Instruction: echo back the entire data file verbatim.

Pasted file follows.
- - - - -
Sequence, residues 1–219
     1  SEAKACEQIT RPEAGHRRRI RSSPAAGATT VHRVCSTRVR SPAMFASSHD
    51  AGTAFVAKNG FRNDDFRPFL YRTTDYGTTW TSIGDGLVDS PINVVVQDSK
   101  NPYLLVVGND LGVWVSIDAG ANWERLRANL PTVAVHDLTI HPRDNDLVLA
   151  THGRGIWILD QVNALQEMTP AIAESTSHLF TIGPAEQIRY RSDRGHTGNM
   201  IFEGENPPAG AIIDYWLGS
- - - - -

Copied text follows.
Sequence, residues 1–219
     1  SEAKACEQIT RPEAGHRRRI RSSPAAGATT VHRVCSTRVR SPAMFASSHD
    51  AGTAFVAKNG FRNDDFRPFL YRTTDYGTTW TSIGDGLVDS PINVVVQDSK
   101  NPYLLVVGND LGVWVSIDAG ANWERLRANL PTVAVHDLTI HPRDNDLVLA
   151  THGRGIWILD QVNALQEMTP AIAESTSHLF TIGPAEQIRY RSDRGHTGNM
   201  IFEGENPPAG AIIDYWLGS